Negative Comment by a “Troll”
It might not come as much of a surprise, but there are people out there that have lots of time to kill and nothing better to do than stir up trouble online.
If the commenter brings up an issue that doesn’t actually need to be resolved, it’s sometimes best to just ignore them. “Don’t feed the trolls,” as they say.
In the example shown in this section of the template, the person’s comment doesn’t have anything to do with your level of service or company standards.
You can give the troll a warning – something along the lines of “Please remove your comment from our page,” but oftentimes this only fuels their troll fire. Many times it is best to just block the commenter, as they’re not adding anything of consequence to your online conversation.
Offensive or Malicious Comments
Sometimes people use the internet as an opportunity for cruelty or offensiveness.
If the comments are malicious – calling their waitress a crude name, for instance – it’s appropriate to remove their comment and let them know they’ve broken your “house rules”. Bad manners shouldn’t be tolerated, and your FB page falls into this category.
Legal or Criminal Ramifications
And occasionally you’ll encounter a more serious issue – threats or confidentiality breaches fall into this category, and should be taken seriously.
Escalate the issue immediately – in this example, someone is threatening violence and property damage. Take a screenshot of their comment and report the issue to the appropriate authority. You can’t be sure if the person is unstable or violent, and this isn’t a situation to brush off lightly.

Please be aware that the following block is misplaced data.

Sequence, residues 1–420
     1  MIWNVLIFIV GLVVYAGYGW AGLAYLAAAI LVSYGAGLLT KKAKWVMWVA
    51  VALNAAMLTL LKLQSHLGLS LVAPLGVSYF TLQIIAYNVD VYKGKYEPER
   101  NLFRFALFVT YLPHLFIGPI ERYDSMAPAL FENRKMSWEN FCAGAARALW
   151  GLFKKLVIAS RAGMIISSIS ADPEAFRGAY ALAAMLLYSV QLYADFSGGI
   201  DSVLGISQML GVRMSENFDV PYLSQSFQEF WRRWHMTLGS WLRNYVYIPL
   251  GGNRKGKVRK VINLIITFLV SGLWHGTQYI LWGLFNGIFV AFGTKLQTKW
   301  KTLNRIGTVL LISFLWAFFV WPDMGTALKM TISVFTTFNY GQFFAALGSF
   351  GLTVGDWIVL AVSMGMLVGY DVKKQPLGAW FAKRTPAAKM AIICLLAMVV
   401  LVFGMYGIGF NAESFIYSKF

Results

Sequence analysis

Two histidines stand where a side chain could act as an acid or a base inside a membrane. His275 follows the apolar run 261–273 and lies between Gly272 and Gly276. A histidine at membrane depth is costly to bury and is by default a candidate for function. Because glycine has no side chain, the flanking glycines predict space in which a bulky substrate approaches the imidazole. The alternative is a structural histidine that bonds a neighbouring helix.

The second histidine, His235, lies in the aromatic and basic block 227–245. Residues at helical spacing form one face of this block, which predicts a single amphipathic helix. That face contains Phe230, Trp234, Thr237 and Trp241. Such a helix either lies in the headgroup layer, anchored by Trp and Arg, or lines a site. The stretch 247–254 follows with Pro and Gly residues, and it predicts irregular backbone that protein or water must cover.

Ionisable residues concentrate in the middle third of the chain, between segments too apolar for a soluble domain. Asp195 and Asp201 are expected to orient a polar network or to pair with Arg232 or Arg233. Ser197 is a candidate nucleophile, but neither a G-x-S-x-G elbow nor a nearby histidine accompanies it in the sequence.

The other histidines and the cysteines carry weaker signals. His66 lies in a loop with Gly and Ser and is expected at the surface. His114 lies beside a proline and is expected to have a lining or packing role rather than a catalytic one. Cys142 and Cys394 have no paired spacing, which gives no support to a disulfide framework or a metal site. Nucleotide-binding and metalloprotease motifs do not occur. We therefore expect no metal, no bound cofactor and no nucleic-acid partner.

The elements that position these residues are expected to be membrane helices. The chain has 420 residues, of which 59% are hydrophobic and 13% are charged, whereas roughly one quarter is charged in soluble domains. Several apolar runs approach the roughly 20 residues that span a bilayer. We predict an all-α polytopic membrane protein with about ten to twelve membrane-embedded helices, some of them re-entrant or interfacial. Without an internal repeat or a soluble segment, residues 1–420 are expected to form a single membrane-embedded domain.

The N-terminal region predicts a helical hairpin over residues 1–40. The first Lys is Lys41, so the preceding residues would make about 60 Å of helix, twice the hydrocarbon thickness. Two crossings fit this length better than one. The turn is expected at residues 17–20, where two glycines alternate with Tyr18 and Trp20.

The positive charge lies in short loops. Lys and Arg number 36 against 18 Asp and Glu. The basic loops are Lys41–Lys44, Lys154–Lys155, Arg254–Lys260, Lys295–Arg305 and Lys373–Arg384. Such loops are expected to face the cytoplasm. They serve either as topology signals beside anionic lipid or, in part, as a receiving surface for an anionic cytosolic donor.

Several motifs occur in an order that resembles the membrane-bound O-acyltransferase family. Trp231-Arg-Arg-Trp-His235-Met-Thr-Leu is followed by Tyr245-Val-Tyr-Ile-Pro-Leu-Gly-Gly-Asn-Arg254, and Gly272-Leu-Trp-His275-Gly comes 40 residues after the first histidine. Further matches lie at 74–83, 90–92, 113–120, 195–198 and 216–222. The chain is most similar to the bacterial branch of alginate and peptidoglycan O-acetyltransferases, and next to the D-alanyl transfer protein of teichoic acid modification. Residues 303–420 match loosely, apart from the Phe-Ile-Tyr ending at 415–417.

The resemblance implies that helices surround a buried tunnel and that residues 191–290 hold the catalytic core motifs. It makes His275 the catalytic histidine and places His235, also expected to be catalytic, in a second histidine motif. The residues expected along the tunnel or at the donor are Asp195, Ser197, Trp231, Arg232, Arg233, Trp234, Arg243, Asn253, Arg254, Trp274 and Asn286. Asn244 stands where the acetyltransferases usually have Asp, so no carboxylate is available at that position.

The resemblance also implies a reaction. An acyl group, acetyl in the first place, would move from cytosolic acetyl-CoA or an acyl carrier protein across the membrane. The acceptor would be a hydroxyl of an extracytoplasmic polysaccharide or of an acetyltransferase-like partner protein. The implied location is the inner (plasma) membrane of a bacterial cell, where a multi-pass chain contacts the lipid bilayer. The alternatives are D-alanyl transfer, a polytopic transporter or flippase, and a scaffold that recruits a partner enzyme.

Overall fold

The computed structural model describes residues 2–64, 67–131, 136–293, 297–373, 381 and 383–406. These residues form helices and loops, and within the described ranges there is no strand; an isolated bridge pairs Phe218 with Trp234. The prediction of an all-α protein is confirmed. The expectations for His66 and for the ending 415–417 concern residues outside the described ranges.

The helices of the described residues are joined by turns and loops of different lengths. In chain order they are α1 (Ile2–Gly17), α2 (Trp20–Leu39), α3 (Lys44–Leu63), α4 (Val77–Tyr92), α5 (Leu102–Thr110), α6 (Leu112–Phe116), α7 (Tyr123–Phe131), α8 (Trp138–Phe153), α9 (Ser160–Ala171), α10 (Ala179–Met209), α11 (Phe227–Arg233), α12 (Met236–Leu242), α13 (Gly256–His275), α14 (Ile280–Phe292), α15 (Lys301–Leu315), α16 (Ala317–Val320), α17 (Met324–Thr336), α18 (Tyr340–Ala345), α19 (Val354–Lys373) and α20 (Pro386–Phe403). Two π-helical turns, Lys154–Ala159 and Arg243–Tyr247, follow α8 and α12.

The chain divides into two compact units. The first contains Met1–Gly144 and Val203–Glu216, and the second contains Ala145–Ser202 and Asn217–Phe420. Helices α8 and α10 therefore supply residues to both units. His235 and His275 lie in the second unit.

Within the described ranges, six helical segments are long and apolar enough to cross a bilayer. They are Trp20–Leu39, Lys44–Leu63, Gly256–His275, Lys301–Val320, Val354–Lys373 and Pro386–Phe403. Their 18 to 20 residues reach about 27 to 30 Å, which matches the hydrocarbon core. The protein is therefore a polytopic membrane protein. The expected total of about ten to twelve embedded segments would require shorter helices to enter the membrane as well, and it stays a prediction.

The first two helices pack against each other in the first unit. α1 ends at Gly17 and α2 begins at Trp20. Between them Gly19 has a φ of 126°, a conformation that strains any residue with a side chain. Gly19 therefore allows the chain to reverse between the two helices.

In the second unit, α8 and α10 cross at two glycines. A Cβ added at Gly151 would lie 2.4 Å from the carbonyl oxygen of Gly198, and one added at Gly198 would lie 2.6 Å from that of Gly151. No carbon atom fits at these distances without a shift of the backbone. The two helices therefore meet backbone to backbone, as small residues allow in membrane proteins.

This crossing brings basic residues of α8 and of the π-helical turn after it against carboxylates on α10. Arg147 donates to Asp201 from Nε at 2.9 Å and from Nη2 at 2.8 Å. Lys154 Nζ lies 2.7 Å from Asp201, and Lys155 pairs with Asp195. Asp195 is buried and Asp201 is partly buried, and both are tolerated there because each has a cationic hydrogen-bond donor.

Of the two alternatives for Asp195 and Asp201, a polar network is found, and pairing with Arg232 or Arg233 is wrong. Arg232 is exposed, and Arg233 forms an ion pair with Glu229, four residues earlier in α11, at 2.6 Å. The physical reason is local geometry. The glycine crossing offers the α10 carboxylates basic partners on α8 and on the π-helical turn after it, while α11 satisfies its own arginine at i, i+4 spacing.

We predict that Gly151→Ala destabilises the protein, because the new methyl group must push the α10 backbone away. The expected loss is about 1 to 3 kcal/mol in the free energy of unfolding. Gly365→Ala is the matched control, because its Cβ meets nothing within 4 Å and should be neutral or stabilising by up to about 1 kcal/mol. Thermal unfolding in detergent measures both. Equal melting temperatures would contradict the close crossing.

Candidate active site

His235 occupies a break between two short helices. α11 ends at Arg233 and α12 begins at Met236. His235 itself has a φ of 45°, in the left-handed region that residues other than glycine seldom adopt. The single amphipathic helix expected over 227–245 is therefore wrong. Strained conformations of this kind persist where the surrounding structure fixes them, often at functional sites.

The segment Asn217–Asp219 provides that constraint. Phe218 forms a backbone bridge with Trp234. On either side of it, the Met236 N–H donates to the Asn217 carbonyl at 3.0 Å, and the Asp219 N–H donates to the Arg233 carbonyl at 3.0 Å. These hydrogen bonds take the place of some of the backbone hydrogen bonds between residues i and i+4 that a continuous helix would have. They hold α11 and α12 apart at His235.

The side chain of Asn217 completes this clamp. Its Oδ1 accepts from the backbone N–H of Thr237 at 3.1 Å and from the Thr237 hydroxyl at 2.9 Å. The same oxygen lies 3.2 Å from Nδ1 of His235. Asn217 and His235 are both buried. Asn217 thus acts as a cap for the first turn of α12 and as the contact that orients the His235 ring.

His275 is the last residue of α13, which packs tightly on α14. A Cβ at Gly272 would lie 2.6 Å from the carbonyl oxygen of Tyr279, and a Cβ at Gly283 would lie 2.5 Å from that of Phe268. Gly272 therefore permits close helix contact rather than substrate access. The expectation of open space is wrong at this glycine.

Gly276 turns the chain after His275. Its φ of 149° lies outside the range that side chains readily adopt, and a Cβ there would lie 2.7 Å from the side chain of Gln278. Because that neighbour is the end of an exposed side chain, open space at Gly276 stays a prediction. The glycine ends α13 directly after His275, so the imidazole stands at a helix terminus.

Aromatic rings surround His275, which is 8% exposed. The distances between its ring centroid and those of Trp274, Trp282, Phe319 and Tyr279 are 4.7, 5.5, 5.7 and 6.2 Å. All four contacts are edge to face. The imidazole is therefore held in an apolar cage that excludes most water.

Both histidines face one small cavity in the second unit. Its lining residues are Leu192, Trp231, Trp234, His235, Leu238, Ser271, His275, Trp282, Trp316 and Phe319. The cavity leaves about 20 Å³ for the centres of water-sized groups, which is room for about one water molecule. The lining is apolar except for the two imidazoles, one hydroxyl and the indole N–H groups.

We can’t always predict when things will go wrong, but having a good negative comments policy in place will help to prevent future disasters.
Take the time to look at your social media marketing plan and strategy, and flesh out your policy for social media comments. Define the kinds of comments that you normally get (or expect), and determine how you’ll handle each of those situations.
Your website and social media profiles are an extension of your company, and additional platforms to engage with customers and build loyalty.
“We are customers too, and we always try to put ourselves in [our customers’] shoes,” says Zappos social media manager, Jessica Oberst.
“Being open and honest, truly listening with an open heart, and always having the intent of delivering happiness is the best way to help others.”
How have you handled social media disasters? Have you ever turned a negative comment into a positive experience for your customers?